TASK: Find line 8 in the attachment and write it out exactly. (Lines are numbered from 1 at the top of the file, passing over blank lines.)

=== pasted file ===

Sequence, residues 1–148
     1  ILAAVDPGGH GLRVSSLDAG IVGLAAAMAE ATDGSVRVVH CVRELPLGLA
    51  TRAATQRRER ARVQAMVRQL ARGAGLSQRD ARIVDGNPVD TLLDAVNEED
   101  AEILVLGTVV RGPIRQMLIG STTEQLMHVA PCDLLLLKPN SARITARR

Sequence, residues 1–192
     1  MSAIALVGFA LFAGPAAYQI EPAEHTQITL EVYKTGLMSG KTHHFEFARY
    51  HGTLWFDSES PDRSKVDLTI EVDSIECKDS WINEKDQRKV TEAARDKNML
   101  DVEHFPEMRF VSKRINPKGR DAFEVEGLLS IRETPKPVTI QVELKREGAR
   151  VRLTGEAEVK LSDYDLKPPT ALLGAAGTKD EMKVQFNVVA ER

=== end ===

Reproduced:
   101  DVEHFPEMRF VSKRINPKGR DAFEVEGLLS IRETPKPVTI QVELKREGAR